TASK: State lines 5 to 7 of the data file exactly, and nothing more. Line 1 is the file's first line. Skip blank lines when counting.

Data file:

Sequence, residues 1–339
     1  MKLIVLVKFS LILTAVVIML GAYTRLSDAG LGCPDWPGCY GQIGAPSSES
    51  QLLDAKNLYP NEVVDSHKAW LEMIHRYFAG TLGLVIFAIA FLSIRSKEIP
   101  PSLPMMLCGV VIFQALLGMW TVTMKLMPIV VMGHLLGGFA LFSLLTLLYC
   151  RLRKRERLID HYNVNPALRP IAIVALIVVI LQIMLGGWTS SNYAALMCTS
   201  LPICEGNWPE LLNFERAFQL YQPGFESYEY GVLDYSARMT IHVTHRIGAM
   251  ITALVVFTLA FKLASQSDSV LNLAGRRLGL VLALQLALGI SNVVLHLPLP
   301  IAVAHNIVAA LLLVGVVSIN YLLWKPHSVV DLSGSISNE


   151  RLRKRERLID HYNVNPALRP IAIVALIVVI LQIMLGGWTS SNYAALMCTS
   201  LPICEGNWPE LLNFERAFQL YQPGFESYEY GVLDYSARMT IHVTHRIGAM
   251  ITALVVFTLA FKLASQSDSV LNLAGRRLGL VLALQLALGI SNVVLHLPLP